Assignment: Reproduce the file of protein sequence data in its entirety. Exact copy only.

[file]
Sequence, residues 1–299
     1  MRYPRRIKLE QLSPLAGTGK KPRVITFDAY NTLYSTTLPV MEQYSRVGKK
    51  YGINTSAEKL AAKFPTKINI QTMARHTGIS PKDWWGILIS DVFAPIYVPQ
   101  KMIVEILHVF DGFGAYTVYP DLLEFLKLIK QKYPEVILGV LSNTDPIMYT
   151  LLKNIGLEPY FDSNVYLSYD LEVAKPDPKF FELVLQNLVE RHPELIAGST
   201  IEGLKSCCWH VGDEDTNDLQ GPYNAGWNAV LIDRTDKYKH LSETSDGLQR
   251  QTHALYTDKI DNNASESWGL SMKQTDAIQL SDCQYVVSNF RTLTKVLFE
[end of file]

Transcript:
Sequence, residues 1–299
     1  MRYPRRIKLE QLSPLAGTGK KPRVITFDAY NTLYSTTLPV MEQYSRVGKK
    51  YGINTSAEKL AAKFPTKINI QTMARHTGIS PKDWWGILIS DVFAPIYVPQ
   101  KMIVEILHVF DGFGAYTVYP DLLEFLKLIK QKYPEVILGV LSNTDPIMYT
   151  LLKNIGLEPY FDSNVYLSYD LEVAKPDPKF FELVLQNLVE RHPELIAGST
   201  IEGLKSCCWH VGDEDTNDLQ GPYNAGWNAV LIDRTDKYKH LSETSDGLQR
   251  QTHALYTDKI DNNASESWGL SMKQTDAIQL SDCQYVVSNF RTLTKVLFE